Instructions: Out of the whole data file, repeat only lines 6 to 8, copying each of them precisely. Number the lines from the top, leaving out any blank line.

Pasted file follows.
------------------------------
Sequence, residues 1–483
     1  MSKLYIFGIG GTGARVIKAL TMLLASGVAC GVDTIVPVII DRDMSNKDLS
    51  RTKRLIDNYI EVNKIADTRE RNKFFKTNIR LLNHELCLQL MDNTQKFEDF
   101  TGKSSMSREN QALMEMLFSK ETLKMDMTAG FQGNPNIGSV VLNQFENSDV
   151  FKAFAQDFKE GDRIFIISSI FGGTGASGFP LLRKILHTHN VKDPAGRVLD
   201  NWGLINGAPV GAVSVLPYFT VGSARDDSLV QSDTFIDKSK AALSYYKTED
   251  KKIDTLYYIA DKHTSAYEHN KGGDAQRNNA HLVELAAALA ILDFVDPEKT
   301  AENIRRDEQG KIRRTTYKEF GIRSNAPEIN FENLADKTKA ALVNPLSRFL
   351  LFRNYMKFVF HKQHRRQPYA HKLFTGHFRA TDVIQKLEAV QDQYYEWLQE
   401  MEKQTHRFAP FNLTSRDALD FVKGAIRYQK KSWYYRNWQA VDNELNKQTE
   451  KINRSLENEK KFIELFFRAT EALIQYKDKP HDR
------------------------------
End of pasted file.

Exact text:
   201  NWGLINGAPV GAVSVLPYFT VGSARDDSLV QSDTFIDKSK AALSYYKTED
   251  KKIDTLYYIA DKHTSAYEHN KGGDAQRNNA HLVELAAALA ILDFVDPEKT
   301  AENIRRDEQG KIRRTTYKEF GIRSNAPEIN FENLADKTKA ALVNPLSRFL